Talking Walk with Martin Hesp
Saturday 18 SEPTEMBER
A QUANTOCK ADVENTURE BASED ON THE LAST BROOMSQUIRE led by MARTIN HESP
Meet at Dead Woman's Ditch Car Park: Grid reference: ST161381; nearest postcode TA5 1HW.
Martin is a writer and journalist based in Somerset. For decades he was Editor at Large of the Western Morning News and his knowledge of the South West is legendary. Martin's tale The Last Broomsquire is increasingly referred to as the Quantock novel and has an evocative sense of place. You can watch Martin talking about the novel at Shute Festival earlier this year via our Programme page. The story, which takes places as the 18th century becomes the 19th, could only have happened in the Quantock Hills. The tale is intrinsically woven into the deep coombes and lofty ridges of what is now an Area of Outstanding Natural Beauty. All the locations described actually do exist and won’t have changed much in the intervening 200 years. Martin will be leading us on a unique walk in the central Quantock area which will take us to some of the main locations in the novel. The walk will involve some uneven ground and uphill walking.
Clive Stafford Smith on Life & Death
Friday 17 September 6:30-7:30 pm
St Michael's Church Shute EX13 7QR
THIS EVENT IS POSTPONED AND WILL BE RESCHEDULED
Clive is the founder and until recently Director of Reprieve, a charity providing free legal and investigative support to some of the world’s most vulnerable people – to help those facing execution around the world, and those victimised by states’ abusive counter-terror policies, including torture and extrajudicial killing. In 2001, Clive sued for access to the prisoners at Guantánamo Bay. Believing the camp was an affront to democracy and the law, his goal was to close Guantánamo. Clive has helped secure the release of 69 prisoners from the camp, including every British prisoner. A graduate of Columbia Law School in New York, Clive worked as a lawyer with the Southern Center for Human Rights, focusing on death penalty and civil rights cases. He has represented over 300 prisoners facing the death penalty in America, preventing the death penalty in all but six cases. Clive has received an OBE for Humanitarian Services and an International Bar Association’s Human Rights Award. Clive will be speaking about life and death in the American court room and the injustice in the case of a British man Kris Maharaj who has sat on death row in Florida for over 30 years for a crime which he didn't commit.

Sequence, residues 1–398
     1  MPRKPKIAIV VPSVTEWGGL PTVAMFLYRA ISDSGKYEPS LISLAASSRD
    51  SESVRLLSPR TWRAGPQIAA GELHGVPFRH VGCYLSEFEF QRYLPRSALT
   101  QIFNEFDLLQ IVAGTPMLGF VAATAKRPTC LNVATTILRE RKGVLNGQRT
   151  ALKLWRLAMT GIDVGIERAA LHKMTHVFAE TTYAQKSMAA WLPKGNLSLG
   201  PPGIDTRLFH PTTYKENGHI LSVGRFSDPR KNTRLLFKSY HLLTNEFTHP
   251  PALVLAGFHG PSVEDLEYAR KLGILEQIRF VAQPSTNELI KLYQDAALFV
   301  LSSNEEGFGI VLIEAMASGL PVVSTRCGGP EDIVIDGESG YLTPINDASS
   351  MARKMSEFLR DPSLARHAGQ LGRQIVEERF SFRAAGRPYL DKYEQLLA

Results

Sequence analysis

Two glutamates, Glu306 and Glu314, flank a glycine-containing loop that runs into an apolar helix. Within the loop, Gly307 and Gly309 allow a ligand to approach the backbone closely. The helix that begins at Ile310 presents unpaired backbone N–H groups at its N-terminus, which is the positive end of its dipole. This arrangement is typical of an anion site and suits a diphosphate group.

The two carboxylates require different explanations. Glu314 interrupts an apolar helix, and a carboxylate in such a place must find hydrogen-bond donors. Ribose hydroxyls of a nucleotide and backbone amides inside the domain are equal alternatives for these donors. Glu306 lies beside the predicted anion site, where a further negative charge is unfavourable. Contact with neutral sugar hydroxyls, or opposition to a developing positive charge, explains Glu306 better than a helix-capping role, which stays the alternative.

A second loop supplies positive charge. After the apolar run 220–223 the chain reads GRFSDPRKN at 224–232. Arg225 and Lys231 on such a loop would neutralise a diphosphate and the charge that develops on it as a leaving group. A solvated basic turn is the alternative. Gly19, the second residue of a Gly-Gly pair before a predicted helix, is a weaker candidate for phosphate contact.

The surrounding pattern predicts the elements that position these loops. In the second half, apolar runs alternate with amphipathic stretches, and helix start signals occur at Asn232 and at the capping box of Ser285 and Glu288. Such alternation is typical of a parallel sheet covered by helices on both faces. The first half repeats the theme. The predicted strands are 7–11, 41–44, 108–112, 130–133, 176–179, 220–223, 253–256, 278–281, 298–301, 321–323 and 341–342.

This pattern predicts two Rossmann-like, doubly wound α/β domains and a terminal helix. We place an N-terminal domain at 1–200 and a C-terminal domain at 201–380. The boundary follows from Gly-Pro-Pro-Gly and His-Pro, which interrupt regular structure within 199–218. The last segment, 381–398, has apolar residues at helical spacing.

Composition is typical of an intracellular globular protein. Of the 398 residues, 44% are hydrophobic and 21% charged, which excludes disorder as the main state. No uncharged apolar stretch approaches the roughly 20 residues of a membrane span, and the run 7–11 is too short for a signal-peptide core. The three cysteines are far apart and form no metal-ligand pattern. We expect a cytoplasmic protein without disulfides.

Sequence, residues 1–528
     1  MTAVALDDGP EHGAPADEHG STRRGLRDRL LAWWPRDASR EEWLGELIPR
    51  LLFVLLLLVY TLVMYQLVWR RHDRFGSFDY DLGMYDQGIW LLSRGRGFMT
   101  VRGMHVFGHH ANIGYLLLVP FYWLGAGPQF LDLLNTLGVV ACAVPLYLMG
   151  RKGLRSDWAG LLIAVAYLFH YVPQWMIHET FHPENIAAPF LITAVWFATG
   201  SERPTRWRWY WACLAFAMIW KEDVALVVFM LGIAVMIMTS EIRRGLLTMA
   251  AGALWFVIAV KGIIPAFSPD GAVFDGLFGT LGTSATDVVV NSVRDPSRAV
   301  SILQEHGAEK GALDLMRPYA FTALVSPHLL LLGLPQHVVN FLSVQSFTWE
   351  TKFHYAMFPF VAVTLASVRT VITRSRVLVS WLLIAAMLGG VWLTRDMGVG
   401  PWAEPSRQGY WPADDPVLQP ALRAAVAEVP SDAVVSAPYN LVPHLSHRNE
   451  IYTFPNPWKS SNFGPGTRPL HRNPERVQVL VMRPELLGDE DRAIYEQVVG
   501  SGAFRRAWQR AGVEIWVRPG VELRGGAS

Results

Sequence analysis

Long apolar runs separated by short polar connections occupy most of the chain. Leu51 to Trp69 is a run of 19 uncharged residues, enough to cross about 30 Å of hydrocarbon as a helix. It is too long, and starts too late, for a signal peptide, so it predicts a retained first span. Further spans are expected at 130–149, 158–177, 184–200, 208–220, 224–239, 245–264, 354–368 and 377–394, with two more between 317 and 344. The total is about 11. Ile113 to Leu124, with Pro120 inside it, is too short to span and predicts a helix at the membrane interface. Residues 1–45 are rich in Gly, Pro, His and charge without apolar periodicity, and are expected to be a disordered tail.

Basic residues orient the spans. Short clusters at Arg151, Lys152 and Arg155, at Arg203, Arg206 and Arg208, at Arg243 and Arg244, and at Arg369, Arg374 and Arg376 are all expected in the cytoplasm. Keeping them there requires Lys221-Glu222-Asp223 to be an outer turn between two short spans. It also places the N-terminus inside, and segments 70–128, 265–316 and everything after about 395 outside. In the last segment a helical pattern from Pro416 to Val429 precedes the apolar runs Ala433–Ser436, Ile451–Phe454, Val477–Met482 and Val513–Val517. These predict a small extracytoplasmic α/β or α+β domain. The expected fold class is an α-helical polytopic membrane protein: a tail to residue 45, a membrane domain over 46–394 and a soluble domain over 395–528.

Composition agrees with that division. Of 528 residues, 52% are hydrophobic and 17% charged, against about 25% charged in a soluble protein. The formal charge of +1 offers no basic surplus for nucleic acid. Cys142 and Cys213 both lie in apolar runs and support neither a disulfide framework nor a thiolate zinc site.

Jo Seaman on Roses Down the Barrel of a Gun
Sunday 7 November 3-4 pm
Georgia 2001. “Your mission, Jo, should you choose to accept it, is to find out what young Georgians want,” said the man from the Foreign and Commonwealth Office, or words to that effect. “We’re keen to know what will happen when President Shevardnadze moves on.”
Jo Seaman went to the South Caucasus as director of the British Council in Georgia at a time of political uncertainty and turmoil. In attempting to fulfill her mission of cultural diplomacy she rubs shoulders with ballerinas and border guards, ambassadors and activists, ministers and musicians, despots and dodgy officials. Jo's intimate descriptions of a culture only relatively recently emerged from the shadow of the Iron Curtain are underpinned with a genuine warmth and compassion for the Georgian people. A consummate diplomat, Jo needs all her skills as she ventures out into the fraught and often amusing sphere of international relations, and is drawn into the heady events of the Rose Revolution. And life at home is far from uneventful...